Who helps the helpers?
Photo: Soul's Harbour Rescue Mission (Facebook)
By Kim Hart Macneill 5 May 2020 Share this story
Two months ago, the dining room at Souls Harbour Rescue Mission on Cunard Street bustled with staff, volunteers, and people popping in for lunch. Since COVID-19 took hold, lunch is much quieter.
Soul’s Harbour operates three drop-in centres in Halifax, Truro, and Bridgewater. It serves nutritious lunches on weekdays, and hosts lifeskill classes and a weekly “street level” chapel service. The centres also feature clothing rooms where clients can handpick from donations.
Everything but the lunch program is on hold until provincial social-distancing measures are relaxed. Instead of a sit-down lunch and a chance to browse the clothing room, make phone calls, and read the paper, clients queue up on the sidewalk to take away a bag lunch.
“We have a very tight COVID security system,” says Michelle Porter who founded the ministry with her husband Rev. Ken Porter. “We make sure every staff member has a commitment to not going out. You’re getting your groceries delivered and you’re not going to sneak around and do stuff. We’re very firm on that.”
The rules are strict, but necessary. Many of the mission’s clients are from vulnerable populations, including seniors and those who access homeless shelters. As a result of the new measures, the mission’s volunteer count went from 600 to 10, and the group laid off half of its 30 staff to cut costs.
While the number of helping hands is lower, demand for the lunch program is up 50%. The Halifax location now serves about 200 lunches per day, and the Bridgewater and Truro locations serve about 100 together. Soul’s Harbour is the only organization still operating a lunch program in Truro and Bridgewater, and new pop-up shelters in the area mean more mouths to feed.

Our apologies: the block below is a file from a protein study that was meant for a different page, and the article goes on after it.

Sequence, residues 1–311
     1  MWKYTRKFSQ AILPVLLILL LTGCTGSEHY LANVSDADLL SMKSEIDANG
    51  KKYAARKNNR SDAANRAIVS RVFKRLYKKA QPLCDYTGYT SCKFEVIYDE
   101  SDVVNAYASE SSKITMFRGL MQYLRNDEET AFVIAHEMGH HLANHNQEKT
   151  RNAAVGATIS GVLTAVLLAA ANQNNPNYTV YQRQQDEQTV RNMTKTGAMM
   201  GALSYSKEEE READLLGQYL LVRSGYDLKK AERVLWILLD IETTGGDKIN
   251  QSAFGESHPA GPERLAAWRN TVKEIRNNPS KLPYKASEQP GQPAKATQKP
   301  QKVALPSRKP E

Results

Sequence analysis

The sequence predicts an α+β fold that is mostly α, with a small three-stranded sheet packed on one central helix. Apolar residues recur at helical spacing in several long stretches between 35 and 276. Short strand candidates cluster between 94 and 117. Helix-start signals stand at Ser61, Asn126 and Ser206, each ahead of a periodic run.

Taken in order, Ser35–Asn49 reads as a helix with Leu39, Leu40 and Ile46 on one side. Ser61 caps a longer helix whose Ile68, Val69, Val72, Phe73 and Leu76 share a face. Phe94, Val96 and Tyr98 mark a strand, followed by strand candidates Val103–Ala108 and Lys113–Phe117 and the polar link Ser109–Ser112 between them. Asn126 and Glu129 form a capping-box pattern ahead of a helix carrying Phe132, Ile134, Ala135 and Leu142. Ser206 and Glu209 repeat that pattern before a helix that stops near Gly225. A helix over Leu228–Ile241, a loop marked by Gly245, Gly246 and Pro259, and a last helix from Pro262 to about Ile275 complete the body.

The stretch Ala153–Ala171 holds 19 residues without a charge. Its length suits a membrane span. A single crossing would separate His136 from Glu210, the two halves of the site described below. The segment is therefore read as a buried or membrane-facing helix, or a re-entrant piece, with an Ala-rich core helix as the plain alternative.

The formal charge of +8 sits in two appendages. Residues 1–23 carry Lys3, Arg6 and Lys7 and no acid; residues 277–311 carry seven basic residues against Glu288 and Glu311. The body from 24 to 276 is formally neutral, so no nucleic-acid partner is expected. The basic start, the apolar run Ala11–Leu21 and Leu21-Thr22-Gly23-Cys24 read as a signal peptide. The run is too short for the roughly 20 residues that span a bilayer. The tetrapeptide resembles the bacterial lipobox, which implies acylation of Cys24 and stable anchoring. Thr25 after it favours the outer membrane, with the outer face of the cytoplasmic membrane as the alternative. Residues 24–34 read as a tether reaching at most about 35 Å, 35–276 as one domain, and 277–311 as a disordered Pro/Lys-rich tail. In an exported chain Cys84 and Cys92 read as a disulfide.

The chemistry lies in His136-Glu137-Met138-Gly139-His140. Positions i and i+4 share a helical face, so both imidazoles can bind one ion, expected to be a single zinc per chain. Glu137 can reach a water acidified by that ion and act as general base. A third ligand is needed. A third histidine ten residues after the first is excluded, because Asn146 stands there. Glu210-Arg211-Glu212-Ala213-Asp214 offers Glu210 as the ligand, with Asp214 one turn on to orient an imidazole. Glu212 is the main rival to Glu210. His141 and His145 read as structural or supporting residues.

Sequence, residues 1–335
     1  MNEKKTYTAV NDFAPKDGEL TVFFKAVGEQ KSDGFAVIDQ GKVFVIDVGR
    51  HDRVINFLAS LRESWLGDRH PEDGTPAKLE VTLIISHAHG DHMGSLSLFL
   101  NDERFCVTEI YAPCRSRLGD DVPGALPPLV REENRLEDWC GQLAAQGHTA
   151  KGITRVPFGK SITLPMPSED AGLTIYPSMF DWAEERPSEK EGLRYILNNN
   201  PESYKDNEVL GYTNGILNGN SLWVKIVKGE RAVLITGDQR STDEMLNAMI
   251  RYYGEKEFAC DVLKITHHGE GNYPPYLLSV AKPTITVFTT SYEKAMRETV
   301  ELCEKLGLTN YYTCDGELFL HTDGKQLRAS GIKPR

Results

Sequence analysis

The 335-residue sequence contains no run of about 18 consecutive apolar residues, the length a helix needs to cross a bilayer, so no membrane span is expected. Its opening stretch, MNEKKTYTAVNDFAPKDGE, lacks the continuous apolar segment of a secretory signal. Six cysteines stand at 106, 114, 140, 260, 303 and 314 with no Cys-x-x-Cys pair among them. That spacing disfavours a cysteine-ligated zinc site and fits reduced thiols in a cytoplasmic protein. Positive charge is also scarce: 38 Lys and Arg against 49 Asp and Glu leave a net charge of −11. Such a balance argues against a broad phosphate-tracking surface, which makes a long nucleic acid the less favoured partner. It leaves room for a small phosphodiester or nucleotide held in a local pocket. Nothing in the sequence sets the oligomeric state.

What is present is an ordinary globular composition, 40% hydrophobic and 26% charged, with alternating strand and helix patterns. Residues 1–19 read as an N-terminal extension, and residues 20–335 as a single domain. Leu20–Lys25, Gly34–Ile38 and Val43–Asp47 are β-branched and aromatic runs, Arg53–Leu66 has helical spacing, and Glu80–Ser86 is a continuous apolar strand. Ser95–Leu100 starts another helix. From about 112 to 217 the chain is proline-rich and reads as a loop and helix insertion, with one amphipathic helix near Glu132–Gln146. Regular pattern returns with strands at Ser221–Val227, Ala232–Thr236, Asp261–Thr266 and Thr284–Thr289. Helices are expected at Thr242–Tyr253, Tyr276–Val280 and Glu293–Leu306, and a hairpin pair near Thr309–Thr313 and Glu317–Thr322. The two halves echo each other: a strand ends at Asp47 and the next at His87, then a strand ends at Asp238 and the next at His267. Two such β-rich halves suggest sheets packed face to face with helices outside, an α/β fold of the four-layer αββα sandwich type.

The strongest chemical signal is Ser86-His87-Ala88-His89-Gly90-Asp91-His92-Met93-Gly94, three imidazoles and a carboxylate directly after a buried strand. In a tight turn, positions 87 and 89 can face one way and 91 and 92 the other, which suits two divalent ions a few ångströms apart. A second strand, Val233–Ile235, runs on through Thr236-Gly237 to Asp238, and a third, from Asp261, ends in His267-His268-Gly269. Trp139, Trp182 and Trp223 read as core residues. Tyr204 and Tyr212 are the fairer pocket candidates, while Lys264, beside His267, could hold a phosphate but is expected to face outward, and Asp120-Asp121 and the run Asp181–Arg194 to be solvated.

The mission’s costs have also increased since switching to the brown bag program. Meals were traditional served in the dining room on ceramic plates, costing about $3.11 per meal. The extra expense of takeaway containers and items like packaged granola bars, raises the cost to $4.85.
“We didn’t realize until the first or second shopping trip how expensive it was going to be to do sack lunches,” Porter says. “If you’re talking about Bridgewater and Truro, prices are higher there for things like to-go containers. We do weekly transport trips, just to try to save some money.”
Previously, Porter says the mission was extremely environmentally conscious, but today it’s focused on finding a hot soup container that doesn’t leak.
An additional challenge is that the group had to temporarily close Mission Mart, the thrift store it operates in Bayers Lake as an extra revenue stream. On May 6, Mission Mart will host a parking-lot giveaway offering clothing and household supplies to those who need it.
Early on in the outbreak, Soul’s Harbour received a surprise grant, and the response to an emergency appeal letter it sent out to donors was positive. The mission doesn’t get government funding and operates entirely on donations.
“You can only send out one emergency appeal, you cannot do two,” says Porter. “So yes, it was amazing and so generous, but I don’t know what we’ll do next month. What makes it harder is knowing there’s people who aren’t working. It’s like, ‘Well, I’m going ask you, and I’m sorry, because you probably need a lunch too.’ It was challenging to try to be sensitive to what our donors are going through.”
If you want to help, Soul’s Harbour needs packaged lunch items or financial donations to put toward buying food and takeaway containers. The mission also seeks personal hygiene items to give away to clients, such as deodorant, tooth paste and toilet paper.
Drop off donations to Mission Mart at 265 Susie Lake Cres. (side door), Monday–Friday, 10 a.m.–3 p.m.
This story was originally published in Halifax Magazine.
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